Victim Services Expand Under Queens Polâs Bill.
The number of crime victims who can receive services from the state expanded this week, after Governor Kathy Hochul signed into law a bill originally introduced by a Queens lawmaker.
This week Hochul signed the bill from Queens Assemblymember Jenifer Rajkumar into law, making victims of crimes of gross reckless endangerment who were not physically injured in the crime eligible for victims services.
Among those services is access to mental health counseling, repayment of lost wages, healthcare and crime scene cleanup reimbursements.
âIn New York we believe strongly in protecting and uplifting all victims,â Hochul said in a statement. âThis legislative package allows victims that have not been physically injured to still obtain compensation for other impacts of various crimes - taking an important step to help victims seek the justice they deserve."
Under the law, once a person is found guilty in court of gross reckless endangerment â or engaging in conduct that puts others at risk of death, like firing a gun into a crowd or driving on a crowded sidewalk â the victims of that crime who were not physically injured can apply for compensation with the stateâs Office of Victim Services.
The agency will then grant the funds on a case-by-case basis. The funds will only be awarded when they are determined to be a means of last resort for the victim, who otherwise wouldnât be able to cover the expenses of recovering from a crime.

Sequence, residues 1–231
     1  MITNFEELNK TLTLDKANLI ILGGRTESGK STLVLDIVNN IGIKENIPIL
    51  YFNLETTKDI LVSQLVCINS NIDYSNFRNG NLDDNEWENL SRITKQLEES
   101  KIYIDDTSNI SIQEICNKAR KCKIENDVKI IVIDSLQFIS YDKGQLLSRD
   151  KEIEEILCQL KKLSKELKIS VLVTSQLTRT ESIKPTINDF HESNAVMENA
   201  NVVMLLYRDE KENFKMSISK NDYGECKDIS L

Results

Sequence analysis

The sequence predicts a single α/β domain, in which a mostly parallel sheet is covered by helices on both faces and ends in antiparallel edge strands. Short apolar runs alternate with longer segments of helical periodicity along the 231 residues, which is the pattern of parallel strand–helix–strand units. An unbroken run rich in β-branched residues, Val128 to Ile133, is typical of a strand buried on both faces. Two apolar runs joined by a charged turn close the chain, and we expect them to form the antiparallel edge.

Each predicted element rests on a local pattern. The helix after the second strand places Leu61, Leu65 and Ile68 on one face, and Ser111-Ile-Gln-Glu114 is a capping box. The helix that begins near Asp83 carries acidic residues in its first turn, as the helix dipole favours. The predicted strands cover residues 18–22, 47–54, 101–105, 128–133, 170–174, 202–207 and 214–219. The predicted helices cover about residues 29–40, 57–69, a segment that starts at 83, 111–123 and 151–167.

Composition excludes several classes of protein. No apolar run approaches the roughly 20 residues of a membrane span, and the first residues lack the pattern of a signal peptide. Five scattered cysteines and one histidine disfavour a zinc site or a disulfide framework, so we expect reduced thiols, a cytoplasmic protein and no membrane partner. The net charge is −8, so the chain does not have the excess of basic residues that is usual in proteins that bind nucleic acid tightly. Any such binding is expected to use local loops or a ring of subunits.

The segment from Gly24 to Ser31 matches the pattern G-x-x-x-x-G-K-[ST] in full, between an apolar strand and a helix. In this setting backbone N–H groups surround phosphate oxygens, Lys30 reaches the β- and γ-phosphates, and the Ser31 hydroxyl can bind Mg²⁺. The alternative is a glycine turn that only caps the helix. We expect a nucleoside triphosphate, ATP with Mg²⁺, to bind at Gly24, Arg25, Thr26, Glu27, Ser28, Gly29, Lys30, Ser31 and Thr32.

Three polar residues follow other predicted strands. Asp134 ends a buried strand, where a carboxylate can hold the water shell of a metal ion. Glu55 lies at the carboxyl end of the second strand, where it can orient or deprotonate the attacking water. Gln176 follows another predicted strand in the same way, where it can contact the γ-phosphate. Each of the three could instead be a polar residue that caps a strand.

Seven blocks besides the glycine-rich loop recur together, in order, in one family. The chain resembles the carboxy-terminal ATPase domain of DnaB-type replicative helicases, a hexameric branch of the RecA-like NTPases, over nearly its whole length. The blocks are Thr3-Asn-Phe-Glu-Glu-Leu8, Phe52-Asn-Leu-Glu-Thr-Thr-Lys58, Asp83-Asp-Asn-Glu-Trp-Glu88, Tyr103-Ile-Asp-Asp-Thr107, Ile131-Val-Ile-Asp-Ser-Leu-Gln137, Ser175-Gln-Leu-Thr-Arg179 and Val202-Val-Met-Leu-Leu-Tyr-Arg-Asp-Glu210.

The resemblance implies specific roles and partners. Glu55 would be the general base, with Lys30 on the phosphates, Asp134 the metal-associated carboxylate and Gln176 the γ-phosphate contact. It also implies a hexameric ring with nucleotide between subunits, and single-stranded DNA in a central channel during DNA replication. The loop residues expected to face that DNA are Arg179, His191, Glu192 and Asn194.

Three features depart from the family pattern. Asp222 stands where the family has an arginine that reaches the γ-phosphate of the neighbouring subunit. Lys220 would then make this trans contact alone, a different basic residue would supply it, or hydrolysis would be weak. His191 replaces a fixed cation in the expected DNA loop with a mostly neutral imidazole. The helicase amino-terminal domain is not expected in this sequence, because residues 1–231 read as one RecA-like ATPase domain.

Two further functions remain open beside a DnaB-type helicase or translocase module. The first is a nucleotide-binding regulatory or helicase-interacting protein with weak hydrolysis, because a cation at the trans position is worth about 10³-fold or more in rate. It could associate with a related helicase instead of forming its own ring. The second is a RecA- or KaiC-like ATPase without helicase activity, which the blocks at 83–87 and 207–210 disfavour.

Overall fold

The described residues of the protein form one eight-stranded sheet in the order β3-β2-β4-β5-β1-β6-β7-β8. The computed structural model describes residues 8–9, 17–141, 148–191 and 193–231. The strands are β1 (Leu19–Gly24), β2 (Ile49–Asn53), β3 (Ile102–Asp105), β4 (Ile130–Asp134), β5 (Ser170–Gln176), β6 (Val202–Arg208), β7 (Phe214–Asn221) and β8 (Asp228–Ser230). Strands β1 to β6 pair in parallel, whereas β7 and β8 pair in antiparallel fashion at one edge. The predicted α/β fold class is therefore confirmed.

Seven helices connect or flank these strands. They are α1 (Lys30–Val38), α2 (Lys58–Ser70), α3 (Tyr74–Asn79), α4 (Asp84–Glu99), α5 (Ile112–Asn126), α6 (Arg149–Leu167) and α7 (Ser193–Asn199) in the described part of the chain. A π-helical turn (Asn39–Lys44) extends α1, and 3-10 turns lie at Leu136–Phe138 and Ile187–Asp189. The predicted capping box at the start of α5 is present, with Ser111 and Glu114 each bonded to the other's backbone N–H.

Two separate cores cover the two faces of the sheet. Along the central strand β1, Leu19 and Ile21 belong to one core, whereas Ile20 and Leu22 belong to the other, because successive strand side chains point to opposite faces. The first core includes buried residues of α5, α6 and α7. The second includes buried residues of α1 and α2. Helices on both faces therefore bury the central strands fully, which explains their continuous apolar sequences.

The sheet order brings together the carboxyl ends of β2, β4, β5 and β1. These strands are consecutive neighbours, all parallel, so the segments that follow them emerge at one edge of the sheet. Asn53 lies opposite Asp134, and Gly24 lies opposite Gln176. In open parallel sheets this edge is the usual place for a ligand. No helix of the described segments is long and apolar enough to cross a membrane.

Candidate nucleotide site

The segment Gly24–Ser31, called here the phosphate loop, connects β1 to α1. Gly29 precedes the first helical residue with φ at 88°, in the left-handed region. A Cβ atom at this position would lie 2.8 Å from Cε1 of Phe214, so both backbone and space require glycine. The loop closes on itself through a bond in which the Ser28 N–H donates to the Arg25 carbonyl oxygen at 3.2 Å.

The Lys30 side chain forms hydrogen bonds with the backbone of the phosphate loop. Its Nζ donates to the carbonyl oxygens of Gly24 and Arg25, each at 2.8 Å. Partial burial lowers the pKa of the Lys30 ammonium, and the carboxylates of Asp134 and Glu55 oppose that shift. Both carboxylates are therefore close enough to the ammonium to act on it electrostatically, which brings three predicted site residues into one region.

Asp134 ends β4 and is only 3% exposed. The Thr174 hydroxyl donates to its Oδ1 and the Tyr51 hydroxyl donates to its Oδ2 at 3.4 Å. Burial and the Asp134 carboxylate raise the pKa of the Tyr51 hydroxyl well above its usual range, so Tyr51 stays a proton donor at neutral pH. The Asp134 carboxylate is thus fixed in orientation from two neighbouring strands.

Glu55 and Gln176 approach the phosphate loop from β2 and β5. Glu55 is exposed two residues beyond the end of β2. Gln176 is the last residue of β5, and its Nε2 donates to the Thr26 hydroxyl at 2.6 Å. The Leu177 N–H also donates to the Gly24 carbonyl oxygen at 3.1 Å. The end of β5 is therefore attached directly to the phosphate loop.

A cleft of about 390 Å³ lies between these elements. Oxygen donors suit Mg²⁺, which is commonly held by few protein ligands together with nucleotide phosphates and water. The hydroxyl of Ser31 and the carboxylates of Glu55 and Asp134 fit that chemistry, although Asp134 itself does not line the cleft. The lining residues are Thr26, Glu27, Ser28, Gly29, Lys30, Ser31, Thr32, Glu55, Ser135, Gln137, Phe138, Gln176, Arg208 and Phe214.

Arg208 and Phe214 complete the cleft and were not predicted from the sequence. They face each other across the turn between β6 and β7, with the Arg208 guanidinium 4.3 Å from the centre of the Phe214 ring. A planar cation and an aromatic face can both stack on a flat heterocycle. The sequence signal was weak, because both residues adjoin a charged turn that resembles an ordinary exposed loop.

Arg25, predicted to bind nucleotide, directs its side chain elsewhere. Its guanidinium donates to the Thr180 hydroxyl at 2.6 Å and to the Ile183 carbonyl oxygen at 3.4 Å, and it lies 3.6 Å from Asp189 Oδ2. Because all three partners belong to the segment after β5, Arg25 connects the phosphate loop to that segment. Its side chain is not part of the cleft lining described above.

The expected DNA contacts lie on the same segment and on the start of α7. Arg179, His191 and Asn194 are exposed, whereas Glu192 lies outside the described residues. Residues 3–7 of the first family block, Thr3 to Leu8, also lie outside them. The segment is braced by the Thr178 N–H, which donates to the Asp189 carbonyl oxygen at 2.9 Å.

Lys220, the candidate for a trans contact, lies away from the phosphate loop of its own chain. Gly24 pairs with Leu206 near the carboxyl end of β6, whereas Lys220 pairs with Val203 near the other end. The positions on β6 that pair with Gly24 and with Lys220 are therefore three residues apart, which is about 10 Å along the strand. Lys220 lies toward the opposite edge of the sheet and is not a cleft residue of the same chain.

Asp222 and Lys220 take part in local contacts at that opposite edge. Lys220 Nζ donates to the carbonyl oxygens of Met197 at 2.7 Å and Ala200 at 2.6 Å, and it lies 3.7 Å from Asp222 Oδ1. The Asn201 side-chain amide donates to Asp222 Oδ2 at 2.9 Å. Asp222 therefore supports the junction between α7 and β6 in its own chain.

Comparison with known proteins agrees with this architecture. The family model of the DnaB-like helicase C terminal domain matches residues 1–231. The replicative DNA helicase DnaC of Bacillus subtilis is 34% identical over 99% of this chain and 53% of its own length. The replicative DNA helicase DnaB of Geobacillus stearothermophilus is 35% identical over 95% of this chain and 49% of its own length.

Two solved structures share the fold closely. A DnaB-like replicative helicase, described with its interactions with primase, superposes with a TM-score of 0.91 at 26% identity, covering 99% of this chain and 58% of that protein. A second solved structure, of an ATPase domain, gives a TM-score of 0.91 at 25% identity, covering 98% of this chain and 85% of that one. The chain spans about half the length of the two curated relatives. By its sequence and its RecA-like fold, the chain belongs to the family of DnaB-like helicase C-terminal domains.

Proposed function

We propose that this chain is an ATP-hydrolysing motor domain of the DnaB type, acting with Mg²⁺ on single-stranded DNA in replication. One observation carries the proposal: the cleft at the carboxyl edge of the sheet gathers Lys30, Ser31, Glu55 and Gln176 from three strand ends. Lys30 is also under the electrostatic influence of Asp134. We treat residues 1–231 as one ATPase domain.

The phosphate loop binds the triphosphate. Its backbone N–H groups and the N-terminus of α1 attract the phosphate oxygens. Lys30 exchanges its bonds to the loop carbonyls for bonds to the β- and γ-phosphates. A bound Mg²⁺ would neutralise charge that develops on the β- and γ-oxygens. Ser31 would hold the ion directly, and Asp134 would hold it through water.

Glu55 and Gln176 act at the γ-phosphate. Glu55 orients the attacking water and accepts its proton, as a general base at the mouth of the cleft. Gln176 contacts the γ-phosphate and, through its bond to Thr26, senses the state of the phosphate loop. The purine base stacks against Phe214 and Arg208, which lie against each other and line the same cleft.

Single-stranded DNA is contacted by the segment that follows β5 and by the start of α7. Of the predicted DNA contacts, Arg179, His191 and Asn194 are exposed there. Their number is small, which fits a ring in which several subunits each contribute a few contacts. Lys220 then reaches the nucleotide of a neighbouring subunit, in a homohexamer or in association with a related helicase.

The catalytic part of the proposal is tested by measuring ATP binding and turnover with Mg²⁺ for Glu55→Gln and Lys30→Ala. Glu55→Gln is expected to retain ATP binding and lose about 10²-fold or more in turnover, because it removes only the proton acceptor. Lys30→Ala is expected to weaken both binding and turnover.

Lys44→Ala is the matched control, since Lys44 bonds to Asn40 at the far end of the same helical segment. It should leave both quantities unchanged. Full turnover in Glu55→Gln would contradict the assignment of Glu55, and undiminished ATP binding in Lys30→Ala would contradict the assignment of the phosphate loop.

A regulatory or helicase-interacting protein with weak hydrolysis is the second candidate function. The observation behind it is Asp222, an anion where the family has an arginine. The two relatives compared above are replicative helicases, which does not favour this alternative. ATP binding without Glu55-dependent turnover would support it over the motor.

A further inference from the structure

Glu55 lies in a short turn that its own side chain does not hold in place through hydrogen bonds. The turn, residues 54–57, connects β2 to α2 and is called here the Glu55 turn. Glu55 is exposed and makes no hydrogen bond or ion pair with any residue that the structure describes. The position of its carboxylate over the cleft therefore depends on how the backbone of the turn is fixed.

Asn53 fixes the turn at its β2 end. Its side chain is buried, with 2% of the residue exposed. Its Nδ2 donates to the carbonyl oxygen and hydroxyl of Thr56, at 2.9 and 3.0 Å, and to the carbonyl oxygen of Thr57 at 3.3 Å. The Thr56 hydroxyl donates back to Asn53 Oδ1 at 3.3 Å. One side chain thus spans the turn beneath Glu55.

Victims can recoup a maximum of $30,000 in lost wages and can receive up to $2,500 in reimbursement funds for crime scene cleanup â similar figures are dolled out for victims of physical crimes.
âFor many families that are struggling, this support is critical at a very difficult moment in their lives,â Rajkumar told the Eagle. âFor the first time, victims of reckless endangerment, these nonâphysical crimes, are actually eligible for these benefits.â
Rajkumar said she first began to see the need for the bill after responding to the scenes of several crimes within her district.
Recently, Rajkumar said she was sitting with a grieving family whose patriarch had been fatally shot outside their home in her district, which covers parts of Ridgewood, Glendale, Woodhaven, Ozone Park and Richmond Hill.
âI saw firsthand the trauma caused by crime,â she said. âI wanted to take action to empower victims of crime to help them get back on their feet.â
She also said that the bill was written in response to the cityâs growing crime rate.
This year, six of seven major crimes, including rape, robbery, felony assault, burglary, grand larceny and grand larceny auto, have all increased, some by as much as 40 percent, according to NYPD data.
âOne of my top concerns throughout my entire tenure has been public safety in South Queens, and my concern with victims of crimes is especially important because major crimes have spiked,â Rajkumar said.
The bill passed with broad bi-partisan support in the Assembly and passed without a nay vote in the State Senate in May. Hochul signed the bill into law at the end of June.
Prior to the billâs passage into law, the Office of Victim Services only reimbursed victims of crimes that caused physical harm to the victim.
Covering costs for victims of non-physical crimes isnât common in most states, though several states have passed laws covering compensation for victims of similar crimes, including Pennsylvania, Connecticut, New Jersey and Vermont.